In a solar system over 100 light years from Earth, researchers have spotted one of the building blocks of life-sustaining planets. That building block may not sound like much: just a single asteroid containing a lot of water. But it's this same type of asteroid that may have brought water to earth when it was first being formed. And this marks the first time that such an asteroid has been detected outside our own solar system — indicating that this far-off realm may once have been home to habitable planets.

"Asteroids are the Legos that go into planets"

The findings come from research led by the University of Cambridge, and are published today in Science. "Asteroids [are] the Legos that go into planets," Jay Farihi, the paper’s lead author, tells The Verge. Thousands and thousands of asteroids come together to create a planet. But the process of putting them together is inefficient, Farihi says. "You don't use up all of the pieces."

What Farihi and his team have spotted is evidence of leftover asteroid bits still speckling that solar system. But the odds that any remaining planets there still sustain life as we know it are slim: the system's sun, GD 61, is a white dwarf — a burning out star in the final throes of life.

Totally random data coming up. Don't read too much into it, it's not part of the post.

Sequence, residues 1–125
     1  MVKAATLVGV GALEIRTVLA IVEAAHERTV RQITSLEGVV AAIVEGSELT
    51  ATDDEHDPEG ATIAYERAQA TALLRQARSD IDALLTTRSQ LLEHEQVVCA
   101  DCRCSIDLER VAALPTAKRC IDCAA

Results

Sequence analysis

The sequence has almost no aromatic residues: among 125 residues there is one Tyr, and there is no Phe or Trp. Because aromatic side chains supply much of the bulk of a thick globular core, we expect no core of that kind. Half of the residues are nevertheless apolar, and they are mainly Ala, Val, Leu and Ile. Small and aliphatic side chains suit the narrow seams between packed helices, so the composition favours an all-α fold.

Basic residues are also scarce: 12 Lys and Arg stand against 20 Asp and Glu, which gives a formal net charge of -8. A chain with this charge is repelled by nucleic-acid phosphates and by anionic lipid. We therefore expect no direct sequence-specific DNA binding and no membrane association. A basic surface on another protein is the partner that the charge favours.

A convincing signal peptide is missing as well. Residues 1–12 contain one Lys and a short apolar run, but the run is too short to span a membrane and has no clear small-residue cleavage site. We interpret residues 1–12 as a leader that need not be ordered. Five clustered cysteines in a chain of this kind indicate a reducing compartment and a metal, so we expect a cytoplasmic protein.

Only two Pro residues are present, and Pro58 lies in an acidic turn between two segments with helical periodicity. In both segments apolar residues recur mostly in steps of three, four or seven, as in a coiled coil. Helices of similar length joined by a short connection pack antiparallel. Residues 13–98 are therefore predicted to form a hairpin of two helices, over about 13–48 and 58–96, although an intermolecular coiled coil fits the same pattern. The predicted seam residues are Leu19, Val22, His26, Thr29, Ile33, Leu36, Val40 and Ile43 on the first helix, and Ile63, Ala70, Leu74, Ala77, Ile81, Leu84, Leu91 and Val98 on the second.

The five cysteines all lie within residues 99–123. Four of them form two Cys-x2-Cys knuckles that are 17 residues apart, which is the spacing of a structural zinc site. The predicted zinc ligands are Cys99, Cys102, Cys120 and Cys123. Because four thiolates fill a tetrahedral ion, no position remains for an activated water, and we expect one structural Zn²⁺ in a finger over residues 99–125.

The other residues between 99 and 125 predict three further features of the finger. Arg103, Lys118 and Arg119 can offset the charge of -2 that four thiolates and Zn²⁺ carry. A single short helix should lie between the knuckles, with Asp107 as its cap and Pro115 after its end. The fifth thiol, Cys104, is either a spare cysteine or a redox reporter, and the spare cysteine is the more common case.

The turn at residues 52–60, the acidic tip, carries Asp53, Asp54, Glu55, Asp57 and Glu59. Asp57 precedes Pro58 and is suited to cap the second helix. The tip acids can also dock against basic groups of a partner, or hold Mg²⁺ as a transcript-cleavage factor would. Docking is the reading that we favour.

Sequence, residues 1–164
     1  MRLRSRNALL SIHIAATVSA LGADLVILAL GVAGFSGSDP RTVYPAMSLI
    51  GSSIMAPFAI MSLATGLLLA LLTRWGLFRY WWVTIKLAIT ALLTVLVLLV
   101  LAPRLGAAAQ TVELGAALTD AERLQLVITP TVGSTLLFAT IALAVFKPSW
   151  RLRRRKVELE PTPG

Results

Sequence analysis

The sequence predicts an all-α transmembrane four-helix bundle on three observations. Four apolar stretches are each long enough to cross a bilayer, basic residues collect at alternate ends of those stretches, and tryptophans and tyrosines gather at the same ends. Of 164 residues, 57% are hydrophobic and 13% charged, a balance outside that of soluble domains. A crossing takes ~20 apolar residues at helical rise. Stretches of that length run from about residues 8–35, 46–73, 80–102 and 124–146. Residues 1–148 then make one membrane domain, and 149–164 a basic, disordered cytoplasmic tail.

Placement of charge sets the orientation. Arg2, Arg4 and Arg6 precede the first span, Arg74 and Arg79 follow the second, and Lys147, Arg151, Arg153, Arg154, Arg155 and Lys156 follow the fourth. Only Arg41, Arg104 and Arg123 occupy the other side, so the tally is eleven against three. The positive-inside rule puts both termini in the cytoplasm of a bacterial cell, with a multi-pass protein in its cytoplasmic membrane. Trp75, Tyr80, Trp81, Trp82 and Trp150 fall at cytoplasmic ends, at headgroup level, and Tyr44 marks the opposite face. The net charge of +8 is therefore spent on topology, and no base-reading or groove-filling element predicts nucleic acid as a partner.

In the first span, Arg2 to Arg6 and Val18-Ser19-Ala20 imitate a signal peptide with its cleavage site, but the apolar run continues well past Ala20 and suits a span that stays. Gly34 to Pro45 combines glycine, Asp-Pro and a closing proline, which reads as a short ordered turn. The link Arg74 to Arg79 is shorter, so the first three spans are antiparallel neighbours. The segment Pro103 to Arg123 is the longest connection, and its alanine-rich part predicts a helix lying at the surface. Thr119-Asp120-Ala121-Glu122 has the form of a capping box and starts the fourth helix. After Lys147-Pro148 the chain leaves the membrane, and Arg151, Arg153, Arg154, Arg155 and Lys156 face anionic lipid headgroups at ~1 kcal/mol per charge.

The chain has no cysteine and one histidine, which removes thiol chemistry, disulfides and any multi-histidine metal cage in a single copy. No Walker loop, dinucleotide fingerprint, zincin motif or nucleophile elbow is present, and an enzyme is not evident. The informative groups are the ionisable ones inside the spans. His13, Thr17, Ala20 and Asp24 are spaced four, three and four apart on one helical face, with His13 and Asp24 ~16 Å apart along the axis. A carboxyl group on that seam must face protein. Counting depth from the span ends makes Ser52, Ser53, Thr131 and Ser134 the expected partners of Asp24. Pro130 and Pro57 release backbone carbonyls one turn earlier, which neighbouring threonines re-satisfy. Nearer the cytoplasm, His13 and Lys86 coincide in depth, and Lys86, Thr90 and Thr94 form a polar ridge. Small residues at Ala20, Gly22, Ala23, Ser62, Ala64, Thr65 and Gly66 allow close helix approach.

In fact, this white dwarf is what allowed Farihi and his team to spot the water-rich asteroid in the first place. "Unlike regular stars like our sun, [white dwarfs] act like white pieces of paper," Farihi says. Almost like dirt landing on that paper, Farihi says that "if any rocks or material other than hydrogen or helium falls onto them, we can see that very clearly."

Farihi's team analyzed the star using data from a spectrograph onboard the Hubble Space Telescope. Because a white dwarf should only have hydrogen and helium on its surface, anything else stands out as having come from someplace else. In this case, Farihi's team noticed an excess of oxygen that he says couldn't have come from a dry asteroid.

Over a quarter of the asteroid's mass was from water

The team found that over a quarter of the asteroid's mass must have been from water — a quantity that drastically eclipses the Earth's surface water mass of just .02 percent. It’s also just about identical to how much water many expect that we’ll find on Ceres, the largest asteroid in our own solar system, Farihi says.

"I think it's really awesome that we found the signs of planet pieces that can be building habitable environments and environments for life," he says. The team’s next step will be to observe other white dwarves to see how often water-rich asteroids can be spotted, which may offer a better idea of how common life-sustaining planets might be. "The real hardcore science comes from putting those objects into context."

Though Farihi can’t say what the planets in that solar system were like, he says that at least one planet must still be around. "This star definitely has planets, it has asteroids," he says. "We don't know anything beyond that, or whether there was once life or once habitable planets, but we do know it had all of the ingredients."